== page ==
Yousef Makar is the Chief Pharmacist at the Windhoek Central Hospital, Namibia’s national referral hospital for specialised health care services for the past five years. Before July 2016, Yousef and other pharmacy managers in government health facilities faced huge challenges in managing the inventory of pharmaceuticals with frequent stock-outs of key pharmaceuticals because consumption information had to be extracted from outdated paper-based inventory management systems. It required a huge effort to aggregate the data necessary for pharmaceutical decision-making and to estimate accurately the quantities of pharmaceutical products they needed to ensure a reliable supply for patients.
The introduction of a web-based pharmaceutical management information system (PMIS), known as the Pharmaceutical Information Dashboard, or more commonly, the dashboard, has transformed decision making in pharmaceutical commodity management. Through the dashboard, Yousef can quickly view stock quantities and availability over and above what is supplied by the Central Medical Stores (CMS). He can also access other facilities’ data, which aids in redistribution of items that are out of stock at his facility. Electronic stock management systems regularly upload stock consumption data to the dashboard, allowing pharmacy managers to use the information to estimate their stock requirements, thereby reducing stock-outs of pharmaceuticals seen in the past. This has been the impact of the dashboard, which was implemented at public health facilities in Namibia in 2016.
The USAID-funded Systems for Improved Access to Pharmaceuticals and Services (SIAPS) Program collaborated with the Ministry of Health and Social Services (MoHSS) to implement the dashboard to enhance visibility and enable the MoHSS to monitor the stocking and availability of antiretroviral (ARV) and other essential medicines, vaccines, and clinical supplies at the central, regional, and heath-facility levels across the country.
Prior to the dashboard, everything was manual, including physical counts of pharmaceutical items, antiretroviral therapy (ART) and tuberculosis monthly reports, and reviewing hard-copy order books.
“It was a difficult process. The stock cards sometimes got lost. Doing manual calculations for minimum, maximum, and monthly consumption took time, and to extract data and put in spreadsheets to be processed, was time consuming,” said Yousef.
The challenges associated with the manual processes were numerous: Pharmacy staff needed time to collect the data, the validity of the data was sometimes questionable, and filing and retrieving data was problematic. Most importantly, the warning system for stock availability was poor unless someone did a physical check. Health managers, who are responsible for decision making at health facilities, could neither view nor access other facilities’ data for better stock management and redistribution.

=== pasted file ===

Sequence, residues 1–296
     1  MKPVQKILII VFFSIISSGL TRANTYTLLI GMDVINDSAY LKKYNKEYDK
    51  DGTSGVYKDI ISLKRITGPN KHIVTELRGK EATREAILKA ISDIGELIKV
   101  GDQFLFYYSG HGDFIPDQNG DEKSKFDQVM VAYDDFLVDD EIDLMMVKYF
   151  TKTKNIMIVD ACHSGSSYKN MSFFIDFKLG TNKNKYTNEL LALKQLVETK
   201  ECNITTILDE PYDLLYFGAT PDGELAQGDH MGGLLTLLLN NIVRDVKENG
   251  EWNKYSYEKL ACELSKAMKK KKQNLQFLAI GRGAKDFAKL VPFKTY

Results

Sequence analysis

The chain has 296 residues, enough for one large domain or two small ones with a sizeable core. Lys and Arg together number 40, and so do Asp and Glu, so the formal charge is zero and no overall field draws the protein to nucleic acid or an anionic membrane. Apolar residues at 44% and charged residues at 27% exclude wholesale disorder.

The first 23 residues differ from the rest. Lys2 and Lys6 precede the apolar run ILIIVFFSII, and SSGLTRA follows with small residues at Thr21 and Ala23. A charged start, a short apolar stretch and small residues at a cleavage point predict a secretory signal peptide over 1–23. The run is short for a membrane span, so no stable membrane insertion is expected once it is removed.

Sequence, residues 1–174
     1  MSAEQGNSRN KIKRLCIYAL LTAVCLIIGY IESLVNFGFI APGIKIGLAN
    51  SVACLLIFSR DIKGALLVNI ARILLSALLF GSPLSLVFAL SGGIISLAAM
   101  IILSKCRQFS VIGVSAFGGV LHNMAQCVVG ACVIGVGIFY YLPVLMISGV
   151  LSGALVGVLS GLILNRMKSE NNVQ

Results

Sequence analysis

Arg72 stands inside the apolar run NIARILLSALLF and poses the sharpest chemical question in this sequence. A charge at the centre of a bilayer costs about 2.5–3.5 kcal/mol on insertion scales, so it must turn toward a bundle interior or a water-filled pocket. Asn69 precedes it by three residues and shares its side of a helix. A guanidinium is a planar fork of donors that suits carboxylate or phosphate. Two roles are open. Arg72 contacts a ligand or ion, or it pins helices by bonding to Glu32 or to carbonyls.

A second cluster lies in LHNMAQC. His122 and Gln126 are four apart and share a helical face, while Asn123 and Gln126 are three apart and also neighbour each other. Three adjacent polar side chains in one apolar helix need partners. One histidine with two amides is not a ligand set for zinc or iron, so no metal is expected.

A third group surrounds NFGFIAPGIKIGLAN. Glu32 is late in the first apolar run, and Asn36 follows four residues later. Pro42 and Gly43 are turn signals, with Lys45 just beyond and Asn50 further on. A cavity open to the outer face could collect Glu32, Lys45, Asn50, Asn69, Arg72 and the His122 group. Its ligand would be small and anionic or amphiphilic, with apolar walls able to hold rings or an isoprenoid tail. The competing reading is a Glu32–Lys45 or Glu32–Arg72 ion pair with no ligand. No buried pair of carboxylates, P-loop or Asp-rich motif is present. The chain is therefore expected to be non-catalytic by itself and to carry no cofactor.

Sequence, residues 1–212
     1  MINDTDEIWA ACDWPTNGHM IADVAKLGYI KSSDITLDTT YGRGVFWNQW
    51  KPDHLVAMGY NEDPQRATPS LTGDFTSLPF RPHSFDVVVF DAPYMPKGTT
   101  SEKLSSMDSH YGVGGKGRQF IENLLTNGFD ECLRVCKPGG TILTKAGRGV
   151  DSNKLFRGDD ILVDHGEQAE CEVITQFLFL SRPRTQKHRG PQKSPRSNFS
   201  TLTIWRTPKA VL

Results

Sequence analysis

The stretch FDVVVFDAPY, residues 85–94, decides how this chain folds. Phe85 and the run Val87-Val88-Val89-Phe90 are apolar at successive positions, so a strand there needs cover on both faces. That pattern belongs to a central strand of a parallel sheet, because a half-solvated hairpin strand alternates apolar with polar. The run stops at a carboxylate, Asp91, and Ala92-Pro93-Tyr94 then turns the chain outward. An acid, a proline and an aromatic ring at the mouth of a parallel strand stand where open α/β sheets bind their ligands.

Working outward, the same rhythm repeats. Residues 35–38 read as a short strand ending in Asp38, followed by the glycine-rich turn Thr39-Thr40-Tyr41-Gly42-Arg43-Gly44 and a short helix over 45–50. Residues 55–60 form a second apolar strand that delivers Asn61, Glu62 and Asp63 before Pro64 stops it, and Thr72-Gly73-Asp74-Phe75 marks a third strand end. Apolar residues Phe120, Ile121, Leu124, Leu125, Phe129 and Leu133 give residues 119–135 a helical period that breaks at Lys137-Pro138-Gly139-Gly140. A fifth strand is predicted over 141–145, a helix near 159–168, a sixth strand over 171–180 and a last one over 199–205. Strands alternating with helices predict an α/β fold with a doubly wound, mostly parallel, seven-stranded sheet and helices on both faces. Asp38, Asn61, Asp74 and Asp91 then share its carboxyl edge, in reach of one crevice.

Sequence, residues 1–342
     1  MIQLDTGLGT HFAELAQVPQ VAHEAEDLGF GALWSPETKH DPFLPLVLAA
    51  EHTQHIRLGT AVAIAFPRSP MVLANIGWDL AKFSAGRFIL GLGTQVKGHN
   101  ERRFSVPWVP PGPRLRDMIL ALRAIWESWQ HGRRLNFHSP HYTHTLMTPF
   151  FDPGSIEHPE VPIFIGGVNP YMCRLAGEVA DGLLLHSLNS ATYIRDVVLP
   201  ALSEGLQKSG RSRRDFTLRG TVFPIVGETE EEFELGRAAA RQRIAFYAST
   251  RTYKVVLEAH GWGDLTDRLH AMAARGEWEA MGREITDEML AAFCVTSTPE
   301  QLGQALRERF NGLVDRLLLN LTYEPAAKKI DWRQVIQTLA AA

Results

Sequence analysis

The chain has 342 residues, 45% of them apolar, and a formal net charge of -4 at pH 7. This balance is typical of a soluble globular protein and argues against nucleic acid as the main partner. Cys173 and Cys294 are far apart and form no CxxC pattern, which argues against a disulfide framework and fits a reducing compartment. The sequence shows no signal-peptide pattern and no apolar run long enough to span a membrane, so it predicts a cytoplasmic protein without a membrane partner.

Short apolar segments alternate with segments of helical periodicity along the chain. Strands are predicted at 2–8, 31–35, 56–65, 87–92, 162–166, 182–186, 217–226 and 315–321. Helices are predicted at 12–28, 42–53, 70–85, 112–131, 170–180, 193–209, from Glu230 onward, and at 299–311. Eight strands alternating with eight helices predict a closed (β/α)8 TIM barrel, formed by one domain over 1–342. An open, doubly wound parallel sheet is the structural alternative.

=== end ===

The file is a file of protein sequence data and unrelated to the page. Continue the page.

According to Tafadzwa Marimo, a Pharmacist from Keetmanshoop District Hospital, this was “time consuming … decisions could not be made on time, and it was also labour intensive.” Tafadzwa started using the dashboard toward the end of 2016.
The dashboard has three main features. The ART dashboard provides a summary of the number of people accessing HIV treatment and an early warning system on potential stock-outs of ARVs, essential commodities, and clinical supplies. The dashboard provides managers with visibility of stock status for all essential health products at the central, regional, and facility levels as well as trends in national essential pharmaceutical information management indicators.
Pharmacy managers have access to a number of reports on many aspects, including the Logistics Management Information System, zero stock, ART, main and special orders, products at risk of expiry, and stock levels at CMS, regional medical stores, and other facilities. These reports can help managers estimate growth in medicine demand, future human resource requirements, increased workload, and changes in morbidity, and can also help them advocate for additional resources.
The main issues that Yousef and other managers have to address are checking for stock-outs, ordering available items from the medical stores, and checking for availability for the purpose of redistributing stock between health facilities. Decision making in emergency stock-out situations can be delayed by the lack of information on stock status. For example, in 2015 and 2016, the lack of stock status visibility led to critical stock-outs of ARV medicines.
The dashboard has also brought huge improvements in the ability of National Medicines Policy Coordination (NMPC), a subdivision of the Pharmaceutical Services Division of the MoHSS, in managing the logistics systems for pharmaceutical products. The ART Logistics Pharmacist at NMPC, Wuletaw Churfo, has benefited greatly from implementation of the dashboard, because he no longer has to manually aggregate the data and create reports from paper-based systems. However, he acknowledges that, although the dashboard has made the work of health managers and logistics pharmacists easier, continuous training of end users will ensure that pharmacy staff upload all required reports onto the dashboard. Wuletaw collects and summarises reports from about 70 health facilities countrywide to compile quarterly ART PMIS feedback reports.
Once Internet connectivity and training issues have been resolved, the impact of visualising critical information from the national, regional, and health-facility levels through the dashboard will even be greater, says Wuletaw.
Compiled by Wezi Tjaronda, Bayobuya Phulu, Harriet Kagoya, and Samson Mwinga for SIAPS in Namibia, 2018